A utility whose sewage discharges prompted no swimming advisories on the lower Saluda River last summer faces a nearly $80,000 state fine for allowing poorly treated wastewater to flow into the river.
State regulators sanctioned Carolina Water Service for what they said was a failure to properly clean up the sewage before releasing it into the river near Irmo’s Saluda Shoals Park. The utility did not keep bacteria levels within safe limits, according to the S.C. Department of Health and Environmental Control.
The flow of poorly treated wastewater put the Saluda off limits for swimming for about two weeks near the park in late June and early July, among the busiest recreational times on the river. The no-swim advisories extended over the July 4 weekend.
Recreational use of the popular river suffered, keeping people out of the water and hurting some businesses that rent tubes, canoes and kayaks. Bacteria levels in improperly treated sewage can make people sick.
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“This was serious,’’ said Bill Stangler, the riverkeeper for the Congaree and Saluda rivers. “If anyone tries to say this wasn’t a big deal, go talk to local river outfitters who lost business during that time. They’ll tell you ‘absolutely.’”
Stangler said he’s glad South Carolina’s environmental agency issued the $78,940 fine against Carolina Water. After conducting his own tests, he warned state regulators in May about elevated bacteria levels in the river. DHEC did not issue no-swim advisories until late June.
“What we have seen from DHEC after that incident on the Saluda River has been encouraging,’’ he said, noting that the agency has pledged to look more carefully at wastewater plants along the Saluda.
DHEC had no immediate comment on the fine, which is to be presented at the agency’s monthly board meeting Thursday.
A spokesman for Carolina Water Service was not immediately available Monday, but the company has said in the past it was working to resolve issues at its Friarsgate sewage treatment plant in Irmo.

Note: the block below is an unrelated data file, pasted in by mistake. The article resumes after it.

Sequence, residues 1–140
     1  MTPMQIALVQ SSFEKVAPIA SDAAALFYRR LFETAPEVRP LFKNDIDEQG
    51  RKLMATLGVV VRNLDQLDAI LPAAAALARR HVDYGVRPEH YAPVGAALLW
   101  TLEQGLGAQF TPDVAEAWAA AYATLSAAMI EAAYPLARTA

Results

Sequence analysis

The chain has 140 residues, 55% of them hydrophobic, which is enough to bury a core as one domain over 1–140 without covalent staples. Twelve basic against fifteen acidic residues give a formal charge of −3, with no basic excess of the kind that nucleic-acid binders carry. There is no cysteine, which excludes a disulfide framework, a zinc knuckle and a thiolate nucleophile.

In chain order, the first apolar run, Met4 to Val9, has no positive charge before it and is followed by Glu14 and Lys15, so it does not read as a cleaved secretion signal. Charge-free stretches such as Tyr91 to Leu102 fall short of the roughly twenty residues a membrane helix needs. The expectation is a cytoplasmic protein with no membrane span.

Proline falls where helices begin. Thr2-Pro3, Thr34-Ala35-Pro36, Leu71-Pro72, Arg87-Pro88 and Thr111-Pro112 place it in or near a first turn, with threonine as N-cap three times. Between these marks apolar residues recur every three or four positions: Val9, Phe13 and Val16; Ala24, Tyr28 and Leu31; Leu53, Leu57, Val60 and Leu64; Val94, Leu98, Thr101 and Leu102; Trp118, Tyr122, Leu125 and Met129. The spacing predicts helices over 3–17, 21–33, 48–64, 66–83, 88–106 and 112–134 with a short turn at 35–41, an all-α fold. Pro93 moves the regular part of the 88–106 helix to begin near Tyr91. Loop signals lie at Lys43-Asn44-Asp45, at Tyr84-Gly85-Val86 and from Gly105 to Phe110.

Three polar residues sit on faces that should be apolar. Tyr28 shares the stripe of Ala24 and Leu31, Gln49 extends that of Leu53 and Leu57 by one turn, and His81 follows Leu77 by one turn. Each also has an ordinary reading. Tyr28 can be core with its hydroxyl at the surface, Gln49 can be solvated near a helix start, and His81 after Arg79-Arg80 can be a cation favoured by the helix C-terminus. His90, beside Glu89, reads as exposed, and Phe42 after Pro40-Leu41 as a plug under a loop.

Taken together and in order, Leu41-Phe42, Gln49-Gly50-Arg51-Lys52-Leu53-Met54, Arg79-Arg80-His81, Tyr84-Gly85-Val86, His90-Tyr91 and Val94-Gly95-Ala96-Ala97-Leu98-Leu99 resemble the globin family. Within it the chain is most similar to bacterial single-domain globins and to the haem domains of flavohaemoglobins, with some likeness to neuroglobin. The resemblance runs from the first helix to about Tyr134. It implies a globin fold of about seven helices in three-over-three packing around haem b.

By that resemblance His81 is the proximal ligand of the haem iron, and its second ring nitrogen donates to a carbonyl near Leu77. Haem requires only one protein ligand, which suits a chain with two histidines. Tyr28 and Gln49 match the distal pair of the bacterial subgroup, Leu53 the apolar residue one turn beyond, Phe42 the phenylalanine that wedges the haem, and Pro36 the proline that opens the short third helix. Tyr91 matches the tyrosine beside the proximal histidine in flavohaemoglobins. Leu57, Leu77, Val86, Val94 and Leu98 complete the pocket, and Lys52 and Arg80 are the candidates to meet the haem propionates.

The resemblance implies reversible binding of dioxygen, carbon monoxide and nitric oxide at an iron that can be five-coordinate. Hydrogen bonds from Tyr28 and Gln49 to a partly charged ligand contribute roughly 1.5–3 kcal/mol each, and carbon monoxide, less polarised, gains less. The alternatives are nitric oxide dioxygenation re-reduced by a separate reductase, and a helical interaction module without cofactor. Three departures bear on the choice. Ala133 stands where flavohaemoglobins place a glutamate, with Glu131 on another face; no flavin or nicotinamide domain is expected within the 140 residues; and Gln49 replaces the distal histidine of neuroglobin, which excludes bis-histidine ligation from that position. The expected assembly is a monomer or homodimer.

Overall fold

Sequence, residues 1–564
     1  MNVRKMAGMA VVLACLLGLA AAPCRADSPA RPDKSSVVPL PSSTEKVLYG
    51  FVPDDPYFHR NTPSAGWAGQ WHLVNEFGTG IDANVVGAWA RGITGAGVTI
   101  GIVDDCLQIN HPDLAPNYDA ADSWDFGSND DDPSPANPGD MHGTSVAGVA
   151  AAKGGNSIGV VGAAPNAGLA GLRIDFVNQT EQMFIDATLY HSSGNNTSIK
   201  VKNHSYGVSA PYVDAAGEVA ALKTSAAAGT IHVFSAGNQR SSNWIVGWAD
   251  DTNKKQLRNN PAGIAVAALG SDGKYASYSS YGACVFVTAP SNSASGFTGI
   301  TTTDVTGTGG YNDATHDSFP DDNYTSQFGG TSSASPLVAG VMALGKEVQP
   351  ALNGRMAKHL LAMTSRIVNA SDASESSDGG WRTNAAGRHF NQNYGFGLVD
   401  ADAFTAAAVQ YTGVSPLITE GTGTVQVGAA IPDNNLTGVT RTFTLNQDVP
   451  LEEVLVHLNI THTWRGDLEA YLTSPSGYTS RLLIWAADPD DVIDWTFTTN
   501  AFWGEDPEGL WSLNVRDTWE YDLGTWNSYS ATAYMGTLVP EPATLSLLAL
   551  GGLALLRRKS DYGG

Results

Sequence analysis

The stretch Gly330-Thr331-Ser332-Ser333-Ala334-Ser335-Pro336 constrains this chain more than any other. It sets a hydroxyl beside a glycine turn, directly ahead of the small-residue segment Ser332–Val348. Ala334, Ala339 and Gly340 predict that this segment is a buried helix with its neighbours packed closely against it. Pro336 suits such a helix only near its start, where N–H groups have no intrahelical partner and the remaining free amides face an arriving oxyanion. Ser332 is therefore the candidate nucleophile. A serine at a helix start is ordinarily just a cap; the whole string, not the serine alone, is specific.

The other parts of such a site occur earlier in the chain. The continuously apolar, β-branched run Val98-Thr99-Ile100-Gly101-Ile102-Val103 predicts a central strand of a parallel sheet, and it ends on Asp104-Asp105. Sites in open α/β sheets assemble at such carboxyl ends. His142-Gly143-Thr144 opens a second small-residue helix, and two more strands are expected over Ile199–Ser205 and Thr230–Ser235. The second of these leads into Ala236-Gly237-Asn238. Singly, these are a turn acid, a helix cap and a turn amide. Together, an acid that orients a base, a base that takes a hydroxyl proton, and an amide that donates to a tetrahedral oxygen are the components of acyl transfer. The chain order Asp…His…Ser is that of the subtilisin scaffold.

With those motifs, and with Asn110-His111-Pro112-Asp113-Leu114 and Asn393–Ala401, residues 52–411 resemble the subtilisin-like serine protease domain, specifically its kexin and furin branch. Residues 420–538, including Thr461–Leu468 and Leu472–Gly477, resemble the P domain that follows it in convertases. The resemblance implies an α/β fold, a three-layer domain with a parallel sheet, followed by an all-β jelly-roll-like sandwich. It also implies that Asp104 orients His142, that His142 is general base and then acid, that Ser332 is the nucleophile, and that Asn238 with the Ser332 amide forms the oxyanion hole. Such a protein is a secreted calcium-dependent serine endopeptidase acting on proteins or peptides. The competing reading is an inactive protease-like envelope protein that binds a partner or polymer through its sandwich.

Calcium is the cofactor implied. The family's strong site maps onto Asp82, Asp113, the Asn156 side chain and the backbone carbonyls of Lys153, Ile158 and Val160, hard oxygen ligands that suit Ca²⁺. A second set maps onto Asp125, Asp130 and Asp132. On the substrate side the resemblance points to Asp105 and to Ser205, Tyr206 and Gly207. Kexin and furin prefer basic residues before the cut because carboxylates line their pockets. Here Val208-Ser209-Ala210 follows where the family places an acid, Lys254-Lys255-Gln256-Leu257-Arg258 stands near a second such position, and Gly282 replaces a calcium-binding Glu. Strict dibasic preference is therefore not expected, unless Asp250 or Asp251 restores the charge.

In addition to the fine, DHEC’s enforcement action against the private utility includes requirements that the company submit a corrective action plan to address sources of the bacteria violations; submit an updated operations maintenance manual; sample discharges from the plant more often; and use an independent operator to run the Friarsgate treatment plant.
The Friarsgate plant releases wastewater in the river at Saluda Shoals Park. A pipe comes out near a boat landing, and treated wastewater can sometimes be seen bubbling up in the water.
Eliminating sewage discharges in the lower Saluda has been a goal of regional planners and environmentalists for decades. The lower Saluda is unusual in South Carolina because it contains characteristics of both mountain and coastal rivers. Anglers like it because the water is cold enough for trout to survive. Kayakers like it for the challenging whitewater rapids. But its banks include trees draped in Spanish moss, a characteristic of coastal South Carolina.
Carolina Water, which has systems across South Carolina, has had its share of troubles with state regulators and river enthusiasts. It remains in a legal battle with the Congaree Riverkeeper organization over discharges from another sewage plant at Interstate 20.
During a 20-year period from the early 1990s until 2013, Carolina Water and companies affiliated with it received more state environmental fines than any other company, person or government during the same period, The State newspaper reported in 2013.